Early strawberries surprise growers
Vermont sees one of the earliest strawberry seasons in decades.
Tuesday, June 5, 2012 - 18:59
Photo courtesy The Last Resort Farm
Reaping the harvest of Vermont strawberries fresh from the field in May? It can't be true!
But it is! I picked some myself as early as last week, before turning the calendar to June. This is the first time in my memory that I've seen a fully red berry so early in Vermont's growing season. It's also the earliest either of my parents can remember seeing one. And they've been growing strawberries in the Green Mountain State for 30 years.
My parents, Eugenie Doyle and Sam Burr, own and operate The Last Resort Farm, an organic vegetable and berry farm nestled in the Champlain Valley region of Vermont. They sell their produce from an on-site farm stand, at two weekly farmers markets (Bristol and Richmond) and wholesale to local stores and restaurants.
At The Last Resort (and any farm for that matter) tasks such as planting, weeding and harvesting could fill twice as many hours as there are in a day. So growing up, my brothers and I would often lend a hand this time of year. In the early years, my parents paid us 10 cents per quart of strawberries picked. We learned to pick fast!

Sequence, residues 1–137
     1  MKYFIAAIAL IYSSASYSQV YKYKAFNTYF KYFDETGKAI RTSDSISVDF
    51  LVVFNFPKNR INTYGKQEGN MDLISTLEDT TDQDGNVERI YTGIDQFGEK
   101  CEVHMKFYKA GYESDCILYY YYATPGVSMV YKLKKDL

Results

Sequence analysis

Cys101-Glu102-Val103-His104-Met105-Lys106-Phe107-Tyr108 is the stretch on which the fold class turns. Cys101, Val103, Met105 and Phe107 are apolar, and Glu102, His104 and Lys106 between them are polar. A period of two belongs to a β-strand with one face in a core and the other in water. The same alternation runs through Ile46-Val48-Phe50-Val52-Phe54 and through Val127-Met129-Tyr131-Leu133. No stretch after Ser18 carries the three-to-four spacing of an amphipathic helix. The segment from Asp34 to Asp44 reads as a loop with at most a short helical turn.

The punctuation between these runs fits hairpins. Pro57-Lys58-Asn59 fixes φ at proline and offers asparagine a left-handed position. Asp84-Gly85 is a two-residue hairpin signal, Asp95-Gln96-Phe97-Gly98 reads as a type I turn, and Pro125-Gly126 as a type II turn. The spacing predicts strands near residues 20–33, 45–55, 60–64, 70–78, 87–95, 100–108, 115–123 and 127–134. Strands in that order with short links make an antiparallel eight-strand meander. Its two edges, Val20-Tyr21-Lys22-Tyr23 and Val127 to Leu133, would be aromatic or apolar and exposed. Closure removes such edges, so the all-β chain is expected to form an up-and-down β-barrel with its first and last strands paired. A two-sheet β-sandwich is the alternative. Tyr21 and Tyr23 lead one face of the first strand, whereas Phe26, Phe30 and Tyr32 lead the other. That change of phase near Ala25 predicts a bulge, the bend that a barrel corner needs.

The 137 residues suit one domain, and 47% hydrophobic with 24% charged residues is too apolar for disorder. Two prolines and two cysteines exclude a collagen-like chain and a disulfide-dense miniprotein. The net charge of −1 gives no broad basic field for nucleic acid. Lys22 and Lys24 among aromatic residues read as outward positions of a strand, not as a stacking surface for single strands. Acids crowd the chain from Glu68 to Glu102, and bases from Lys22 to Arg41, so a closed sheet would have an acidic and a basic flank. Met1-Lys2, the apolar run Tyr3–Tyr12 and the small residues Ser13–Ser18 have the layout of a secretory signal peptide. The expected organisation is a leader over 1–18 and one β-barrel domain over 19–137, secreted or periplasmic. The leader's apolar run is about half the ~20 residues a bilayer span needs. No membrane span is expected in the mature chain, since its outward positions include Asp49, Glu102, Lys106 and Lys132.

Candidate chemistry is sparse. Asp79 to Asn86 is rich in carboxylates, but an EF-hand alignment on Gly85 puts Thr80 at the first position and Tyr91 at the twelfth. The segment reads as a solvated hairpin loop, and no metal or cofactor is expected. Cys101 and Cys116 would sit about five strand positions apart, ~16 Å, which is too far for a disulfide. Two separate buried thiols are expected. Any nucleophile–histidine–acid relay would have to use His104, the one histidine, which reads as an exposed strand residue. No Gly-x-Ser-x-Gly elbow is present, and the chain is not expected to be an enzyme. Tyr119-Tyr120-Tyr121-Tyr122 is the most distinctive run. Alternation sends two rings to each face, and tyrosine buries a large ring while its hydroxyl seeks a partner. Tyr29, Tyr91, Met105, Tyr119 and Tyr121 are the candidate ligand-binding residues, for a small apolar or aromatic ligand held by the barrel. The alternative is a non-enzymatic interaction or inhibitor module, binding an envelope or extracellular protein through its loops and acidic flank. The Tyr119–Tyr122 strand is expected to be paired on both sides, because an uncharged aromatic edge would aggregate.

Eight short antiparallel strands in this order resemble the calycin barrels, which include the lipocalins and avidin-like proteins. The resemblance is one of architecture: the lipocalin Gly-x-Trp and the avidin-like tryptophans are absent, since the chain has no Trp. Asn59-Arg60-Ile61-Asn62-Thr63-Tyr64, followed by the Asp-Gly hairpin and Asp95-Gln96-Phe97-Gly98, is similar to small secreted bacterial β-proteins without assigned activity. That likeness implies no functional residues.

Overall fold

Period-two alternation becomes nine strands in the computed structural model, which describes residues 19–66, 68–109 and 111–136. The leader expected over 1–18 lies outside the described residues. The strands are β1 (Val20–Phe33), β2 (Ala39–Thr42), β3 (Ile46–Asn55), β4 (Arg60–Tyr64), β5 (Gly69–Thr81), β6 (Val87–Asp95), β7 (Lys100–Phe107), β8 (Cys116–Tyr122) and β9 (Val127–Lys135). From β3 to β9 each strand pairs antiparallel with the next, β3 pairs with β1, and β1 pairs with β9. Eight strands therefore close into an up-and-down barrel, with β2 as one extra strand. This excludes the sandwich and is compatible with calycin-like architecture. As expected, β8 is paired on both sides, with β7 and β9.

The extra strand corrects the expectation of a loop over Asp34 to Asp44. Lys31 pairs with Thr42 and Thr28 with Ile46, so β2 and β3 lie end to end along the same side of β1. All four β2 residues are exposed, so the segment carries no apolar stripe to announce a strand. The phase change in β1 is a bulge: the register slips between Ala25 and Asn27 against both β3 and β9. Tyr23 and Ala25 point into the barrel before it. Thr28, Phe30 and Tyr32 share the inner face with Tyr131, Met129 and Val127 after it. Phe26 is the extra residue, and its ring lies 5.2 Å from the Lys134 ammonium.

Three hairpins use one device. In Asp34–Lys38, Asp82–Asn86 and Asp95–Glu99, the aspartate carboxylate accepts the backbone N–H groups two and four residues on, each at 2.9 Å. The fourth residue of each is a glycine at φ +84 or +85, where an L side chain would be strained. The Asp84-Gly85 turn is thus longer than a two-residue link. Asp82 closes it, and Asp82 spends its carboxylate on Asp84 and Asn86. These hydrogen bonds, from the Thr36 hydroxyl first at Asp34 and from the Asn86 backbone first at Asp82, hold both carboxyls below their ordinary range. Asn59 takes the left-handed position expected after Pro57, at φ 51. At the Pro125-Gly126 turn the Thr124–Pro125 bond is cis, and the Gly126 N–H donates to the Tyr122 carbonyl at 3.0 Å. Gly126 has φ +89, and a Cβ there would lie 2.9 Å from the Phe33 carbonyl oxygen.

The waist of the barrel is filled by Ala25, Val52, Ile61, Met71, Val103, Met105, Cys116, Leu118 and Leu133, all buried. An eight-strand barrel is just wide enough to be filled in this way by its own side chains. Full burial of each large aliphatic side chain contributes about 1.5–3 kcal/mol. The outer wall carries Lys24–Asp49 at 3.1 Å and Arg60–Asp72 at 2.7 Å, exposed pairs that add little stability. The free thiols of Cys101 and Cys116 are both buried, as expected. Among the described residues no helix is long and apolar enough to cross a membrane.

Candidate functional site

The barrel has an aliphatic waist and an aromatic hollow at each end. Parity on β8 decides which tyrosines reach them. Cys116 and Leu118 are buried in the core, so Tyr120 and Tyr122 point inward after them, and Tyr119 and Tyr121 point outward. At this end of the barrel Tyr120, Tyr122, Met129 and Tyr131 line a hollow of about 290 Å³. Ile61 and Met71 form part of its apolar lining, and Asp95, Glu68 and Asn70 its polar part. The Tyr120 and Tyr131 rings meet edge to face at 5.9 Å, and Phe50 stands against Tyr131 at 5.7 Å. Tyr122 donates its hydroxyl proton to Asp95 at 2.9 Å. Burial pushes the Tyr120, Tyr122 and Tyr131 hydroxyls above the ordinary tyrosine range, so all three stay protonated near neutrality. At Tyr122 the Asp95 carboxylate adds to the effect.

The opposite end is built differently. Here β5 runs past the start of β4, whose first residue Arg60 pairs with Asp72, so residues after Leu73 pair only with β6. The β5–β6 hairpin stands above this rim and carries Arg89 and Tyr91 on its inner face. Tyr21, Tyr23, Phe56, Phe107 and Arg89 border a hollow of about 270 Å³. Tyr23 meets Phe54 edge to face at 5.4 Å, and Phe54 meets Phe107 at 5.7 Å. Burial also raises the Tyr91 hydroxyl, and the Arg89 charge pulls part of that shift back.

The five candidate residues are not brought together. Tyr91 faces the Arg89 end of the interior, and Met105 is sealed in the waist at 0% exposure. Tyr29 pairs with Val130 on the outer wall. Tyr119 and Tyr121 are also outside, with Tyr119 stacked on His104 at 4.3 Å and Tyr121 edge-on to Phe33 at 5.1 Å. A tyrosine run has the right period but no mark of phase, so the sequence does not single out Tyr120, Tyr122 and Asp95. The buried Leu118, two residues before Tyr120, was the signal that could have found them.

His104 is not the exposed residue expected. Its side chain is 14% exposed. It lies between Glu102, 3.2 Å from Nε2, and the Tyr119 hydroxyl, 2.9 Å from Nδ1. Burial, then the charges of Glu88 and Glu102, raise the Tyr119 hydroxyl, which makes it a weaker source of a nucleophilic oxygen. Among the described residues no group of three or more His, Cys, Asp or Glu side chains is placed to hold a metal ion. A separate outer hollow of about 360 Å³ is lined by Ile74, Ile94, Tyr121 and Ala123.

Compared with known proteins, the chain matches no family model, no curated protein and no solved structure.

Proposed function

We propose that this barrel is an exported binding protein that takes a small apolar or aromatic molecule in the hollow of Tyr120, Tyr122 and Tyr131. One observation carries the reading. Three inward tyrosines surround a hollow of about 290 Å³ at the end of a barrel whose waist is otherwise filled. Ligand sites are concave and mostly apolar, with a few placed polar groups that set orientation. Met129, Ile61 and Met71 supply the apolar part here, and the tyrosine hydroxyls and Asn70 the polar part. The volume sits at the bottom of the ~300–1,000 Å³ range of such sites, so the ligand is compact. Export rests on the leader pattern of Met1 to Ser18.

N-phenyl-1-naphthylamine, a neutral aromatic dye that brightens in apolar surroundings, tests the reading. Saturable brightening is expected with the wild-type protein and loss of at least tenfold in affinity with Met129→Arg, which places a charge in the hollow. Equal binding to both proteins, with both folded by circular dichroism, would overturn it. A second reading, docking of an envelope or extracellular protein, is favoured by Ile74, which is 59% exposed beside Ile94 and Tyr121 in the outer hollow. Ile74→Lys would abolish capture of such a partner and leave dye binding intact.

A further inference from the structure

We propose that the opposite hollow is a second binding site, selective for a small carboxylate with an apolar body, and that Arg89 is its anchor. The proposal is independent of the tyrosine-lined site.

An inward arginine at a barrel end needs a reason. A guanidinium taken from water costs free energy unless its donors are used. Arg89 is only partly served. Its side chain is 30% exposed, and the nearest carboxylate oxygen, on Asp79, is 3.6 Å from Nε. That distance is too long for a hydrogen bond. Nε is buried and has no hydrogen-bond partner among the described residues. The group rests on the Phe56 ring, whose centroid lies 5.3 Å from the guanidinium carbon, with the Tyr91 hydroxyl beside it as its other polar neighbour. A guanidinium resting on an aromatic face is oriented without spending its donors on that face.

Typically, the peak of the strawberry season hits right around my mom's birthday on June 21 (the summer solstice, also known as the longest day of the year). But this year the season could be over by then!
What's going on? Is this year simply an outlier or another sign that climate change is upon us?
According to a new Plant Hardiness Zone map released by the USDA earlier this year, Vermont is becoming more temperate. This is a good thing, for folks looking for strawberries before June 1 (as long as we don't get a late temperature dip). But the picture is less rosy for other crops; by 2080 we may not be able to produce our iconic maple syrup.
It's unclear exactly what the future may hold for Vermont strawberry growers. But like farmers have done for ages, they learn as they go and make adaptations when necessary.
For example, hardy varieties assist farmers in withstanding the fluctuations in temperatures and moisture levels that may occur as the climate changes. Strawberry growers have many varieties to choose from. Vern Grubinger, the Vegetable and Berry Specialist at the University of Vermont Extension, has compiled a very thorough list of strawberry varieties.
One thing is for sure: the early berries taste just as good as late ones. Try these recipes, or eat them plain, straight from the field is best. Yum!
Try these recipes:
Strawberry Shortcakes with Maple Syrup and Frozen Yogurt (I like this version of the old favorite because it uses a local sweetener!)
Strawberry-Rhubarb Fruit Bars (The tang of rhubarb contrasts pleasantly with the sweetness of the berries. Full disclosure: I’m interning for EatingWell Magazine this summer.)